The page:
Collet is a class act and on a couple of occasions this season it has paid to study his words and actions closely. First, at Chantilly in June, after Glorious Sight had briefly threatened to crash the party in the Prix de Diane before finishing third to Golden Lilac and Galikova, Collet said "we'll make a plan after the other filly runs at Ascot on Friday"; the implication was clear - Collet was expecting a huge performance from Immortal Verse in the Coronation Stakes at Royal Ascot.
"I expected her to win," Collet reflects on Royal Ascot - a bold statement given that she had only recently got her career back on track in the Group 2 Sandringham Stakes. "The only thing which surprised me was the way she went past the others.
"In ten metres she had the race won. She made the others look like they weren't in the same class. She did exactly the same thing in the race at Deauville [Prix Jacques le Marois]. Her acceleration was astonishing, exceptional."
Collet's public persona is a mixture of the humourous and the slightly curmudgeonly, but to hear him talk of his relief at Immortal Verse's Royal Ascot win - where she defeated Nova Hawk, trained by Collet's son Rodolphe for a memorable family one-two - is to realise the seriousness of his approach.
"The problem for a trainer is when you think you have a Group 1 horse, and then there's one problem after another, and they never get to show it on the track.
"That's a trainer's biggest frustration. Once they've won a Group 1 you're free - they've gone and done it then.
"I was released when she won at Ascot because I'd done what I was supposed to do with good material."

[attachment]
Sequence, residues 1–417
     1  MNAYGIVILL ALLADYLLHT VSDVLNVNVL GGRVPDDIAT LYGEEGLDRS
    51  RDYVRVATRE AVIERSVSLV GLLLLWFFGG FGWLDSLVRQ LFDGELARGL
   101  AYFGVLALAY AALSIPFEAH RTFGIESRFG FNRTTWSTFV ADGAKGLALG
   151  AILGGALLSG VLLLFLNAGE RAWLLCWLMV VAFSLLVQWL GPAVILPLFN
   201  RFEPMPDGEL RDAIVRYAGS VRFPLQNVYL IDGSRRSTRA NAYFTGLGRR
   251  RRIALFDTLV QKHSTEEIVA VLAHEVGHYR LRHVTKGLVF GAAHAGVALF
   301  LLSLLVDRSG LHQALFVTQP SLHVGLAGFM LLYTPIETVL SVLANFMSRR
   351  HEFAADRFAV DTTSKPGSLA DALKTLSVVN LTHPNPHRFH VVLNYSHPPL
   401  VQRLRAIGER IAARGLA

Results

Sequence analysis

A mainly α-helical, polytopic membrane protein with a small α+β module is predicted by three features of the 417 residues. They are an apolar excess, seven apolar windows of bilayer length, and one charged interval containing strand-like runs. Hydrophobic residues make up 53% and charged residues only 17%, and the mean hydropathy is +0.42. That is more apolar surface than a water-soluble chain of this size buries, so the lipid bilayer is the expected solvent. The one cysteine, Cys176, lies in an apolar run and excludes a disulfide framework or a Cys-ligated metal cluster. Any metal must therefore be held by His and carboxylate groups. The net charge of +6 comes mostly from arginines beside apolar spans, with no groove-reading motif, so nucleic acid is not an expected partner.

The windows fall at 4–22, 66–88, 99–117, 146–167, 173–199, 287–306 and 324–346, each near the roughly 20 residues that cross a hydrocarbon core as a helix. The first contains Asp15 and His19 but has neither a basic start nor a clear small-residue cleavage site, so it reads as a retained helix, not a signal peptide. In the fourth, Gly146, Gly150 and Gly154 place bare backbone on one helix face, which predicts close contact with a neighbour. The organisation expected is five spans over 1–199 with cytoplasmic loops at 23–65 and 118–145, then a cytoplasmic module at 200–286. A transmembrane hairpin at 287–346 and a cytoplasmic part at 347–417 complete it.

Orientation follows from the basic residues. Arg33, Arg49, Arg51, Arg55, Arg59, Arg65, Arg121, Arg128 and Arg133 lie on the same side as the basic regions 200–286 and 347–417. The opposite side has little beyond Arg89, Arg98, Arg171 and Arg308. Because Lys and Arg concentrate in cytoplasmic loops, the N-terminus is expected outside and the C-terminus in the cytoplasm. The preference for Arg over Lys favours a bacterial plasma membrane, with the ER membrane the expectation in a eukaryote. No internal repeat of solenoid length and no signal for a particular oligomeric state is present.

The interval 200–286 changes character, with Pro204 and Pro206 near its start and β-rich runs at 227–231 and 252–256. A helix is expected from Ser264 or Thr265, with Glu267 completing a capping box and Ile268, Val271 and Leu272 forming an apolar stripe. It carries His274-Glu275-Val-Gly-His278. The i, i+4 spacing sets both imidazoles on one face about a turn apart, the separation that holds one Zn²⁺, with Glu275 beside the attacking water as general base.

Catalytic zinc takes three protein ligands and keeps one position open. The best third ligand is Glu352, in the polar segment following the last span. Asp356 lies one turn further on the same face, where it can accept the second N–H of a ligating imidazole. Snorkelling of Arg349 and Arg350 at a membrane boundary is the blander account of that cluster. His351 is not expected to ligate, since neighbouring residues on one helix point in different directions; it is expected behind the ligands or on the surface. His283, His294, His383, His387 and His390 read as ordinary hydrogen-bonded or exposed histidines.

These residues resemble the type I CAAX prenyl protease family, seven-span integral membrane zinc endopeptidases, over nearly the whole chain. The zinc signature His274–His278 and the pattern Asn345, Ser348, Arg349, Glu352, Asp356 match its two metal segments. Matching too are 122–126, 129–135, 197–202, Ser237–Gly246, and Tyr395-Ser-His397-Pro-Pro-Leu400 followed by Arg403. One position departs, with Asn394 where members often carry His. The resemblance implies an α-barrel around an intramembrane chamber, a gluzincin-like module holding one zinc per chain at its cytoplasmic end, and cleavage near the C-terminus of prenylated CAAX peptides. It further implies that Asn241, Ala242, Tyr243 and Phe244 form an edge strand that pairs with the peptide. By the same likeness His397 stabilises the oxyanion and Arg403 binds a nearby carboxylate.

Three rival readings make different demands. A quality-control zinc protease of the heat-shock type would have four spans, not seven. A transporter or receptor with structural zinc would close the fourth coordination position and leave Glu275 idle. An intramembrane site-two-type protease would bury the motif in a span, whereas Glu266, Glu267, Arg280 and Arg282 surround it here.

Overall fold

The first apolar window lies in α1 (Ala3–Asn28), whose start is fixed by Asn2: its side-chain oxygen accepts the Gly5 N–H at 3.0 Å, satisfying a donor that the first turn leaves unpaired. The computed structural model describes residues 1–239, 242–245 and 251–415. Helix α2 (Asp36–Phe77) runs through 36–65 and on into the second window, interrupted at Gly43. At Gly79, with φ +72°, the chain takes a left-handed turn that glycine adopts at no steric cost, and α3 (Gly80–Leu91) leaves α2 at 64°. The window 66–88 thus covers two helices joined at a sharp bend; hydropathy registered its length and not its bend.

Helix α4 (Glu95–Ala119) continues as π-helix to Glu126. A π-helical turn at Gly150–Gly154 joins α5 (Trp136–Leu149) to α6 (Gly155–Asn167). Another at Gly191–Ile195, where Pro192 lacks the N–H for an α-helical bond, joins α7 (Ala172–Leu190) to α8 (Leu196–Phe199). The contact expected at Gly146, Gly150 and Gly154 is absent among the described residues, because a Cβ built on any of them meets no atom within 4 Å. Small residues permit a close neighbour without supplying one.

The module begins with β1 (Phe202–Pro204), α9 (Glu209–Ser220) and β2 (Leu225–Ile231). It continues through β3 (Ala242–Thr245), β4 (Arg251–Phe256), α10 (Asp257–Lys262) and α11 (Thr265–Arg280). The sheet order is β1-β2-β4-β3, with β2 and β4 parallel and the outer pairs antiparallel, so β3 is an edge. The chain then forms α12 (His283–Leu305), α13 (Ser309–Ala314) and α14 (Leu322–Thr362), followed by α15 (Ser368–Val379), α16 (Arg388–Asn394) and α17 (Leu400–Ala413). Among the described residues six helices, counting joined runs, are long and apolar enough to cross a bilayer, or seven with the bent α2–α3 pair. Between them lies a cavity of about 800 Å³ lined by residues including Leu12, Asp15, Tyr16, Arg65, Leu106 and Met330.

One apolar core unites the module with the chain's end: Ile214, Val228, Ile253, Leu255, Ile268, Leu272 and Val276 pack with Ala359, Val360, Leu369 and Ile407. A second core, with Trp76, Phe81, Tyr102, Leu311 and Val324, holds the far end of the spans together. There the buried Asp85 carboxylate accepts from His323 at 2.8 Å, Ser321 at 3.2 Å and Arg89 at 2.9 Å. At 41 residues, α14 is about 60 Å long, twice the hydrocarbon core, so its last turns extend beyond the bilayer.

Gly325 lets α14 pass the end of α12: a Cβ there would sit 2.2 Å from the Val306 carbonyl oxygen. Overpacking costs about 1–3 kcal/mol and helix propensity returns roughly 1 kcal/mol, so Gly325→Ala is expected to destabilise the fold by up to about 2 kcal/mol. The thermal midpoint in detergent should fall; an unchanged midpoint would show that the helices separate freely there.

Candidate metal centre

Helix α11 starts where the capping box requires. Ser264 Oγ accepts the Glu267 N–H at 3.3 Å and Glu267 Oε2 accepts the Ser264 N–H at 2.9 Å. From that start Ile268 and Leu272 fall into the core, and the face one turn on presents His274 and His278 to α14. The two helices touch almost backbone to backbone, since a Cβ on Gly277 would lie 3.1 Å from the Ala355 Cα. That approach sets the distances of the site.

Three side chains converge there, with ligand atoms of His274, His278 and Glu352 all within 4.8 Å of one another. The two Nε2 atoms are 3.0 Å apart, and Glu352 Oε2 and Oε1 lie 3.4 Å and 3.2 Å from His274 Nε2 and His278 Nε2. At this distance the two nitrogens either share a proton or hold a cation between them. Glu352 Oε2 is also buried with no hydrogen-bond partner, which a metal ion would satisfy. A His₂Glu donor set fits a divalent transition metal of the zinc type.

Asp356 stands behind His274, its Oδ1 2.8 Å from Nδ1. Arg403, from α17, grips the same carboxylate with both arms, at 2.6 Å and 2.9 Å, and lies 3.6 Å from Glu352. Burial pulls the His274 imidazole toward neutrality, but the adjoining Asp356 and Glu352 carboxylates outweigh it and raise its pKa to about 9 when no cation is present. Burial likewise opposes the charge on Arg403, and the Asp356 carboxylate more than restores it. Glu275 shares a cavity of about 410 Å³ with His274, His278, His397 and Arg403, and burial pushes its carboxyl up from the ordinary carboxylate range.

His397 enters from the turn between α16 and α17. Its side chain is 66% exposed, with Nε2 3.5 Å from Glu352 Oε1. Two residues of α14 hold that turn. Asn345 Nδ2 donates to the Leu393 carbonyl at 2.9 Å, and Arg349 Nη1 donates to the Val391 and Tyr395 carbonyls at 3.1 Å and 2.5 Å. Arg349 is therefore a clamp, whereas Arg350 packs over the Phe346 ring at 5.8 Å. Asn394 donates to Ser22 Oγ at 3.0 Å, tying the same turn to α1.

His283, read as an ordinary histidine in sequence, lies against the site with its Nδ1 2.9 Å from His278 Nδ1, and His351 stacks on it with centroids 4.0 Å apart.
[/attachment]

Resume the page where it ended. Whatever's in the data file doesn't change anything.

Immortal Verse is just the latest performer to make headlines for Collet on the global stage. Son Of Love won the 1979 St Leger to give his career an early boost, while he was one of the first European trainers to succeed at the Breeders' Cup, with the legendary Last Tycoon. He famously took the 1986 Breeders' Cup Mile after winning the King's Stand and Nunthorpe Stakes.
"I didn't think he had much chance in the sprint on the dirt, at that time there was no Breeders' Cup turf sprint, so I aimed him at the mile," Collet recalls.
"Last Tycoon needed the rhythm of American races for a mile. The way mile races are run in Europe didn't suit him. In America they always go quick up front, and he didn't like to be disappointed.
"Last Tycoon would never have won over a mile here. He was a goodground horse - his first race at three was on soft ground, and he was almost last! The ground was always the prime consideration with him. So I thought he'd have a real chance in the Breeders' Cup."
BACK to the present, and the way Collet is anticipating Immortal Verse's four-year-old career gives rise to the thought that she might only just be getting started.
"In the Marois she faced the colts and her elders," her trainer says. "She showed her quality, and what she might do next year. I don't know what her limits are."
And the second occasion when Collet's actions bore scrutiny? At Deauville he was ecstatic to have won the Marois again, a race he loves alongside the Arc above all others. But as Immortal Verse was led into the packed enclosure, he peeled away to have a few private words with Freddy Head and the vanquished connections of Goldikova.
Win or lose tomorrow, Collet will handle the aftermath with class - a word which can justifiably be applied to Immortal Verse as well.
Immortal Verse: claimed Goldikova's scalp in the Marois on her last start Robert Collet: "In ten metres she had the race won making them look like they weren't in the same class"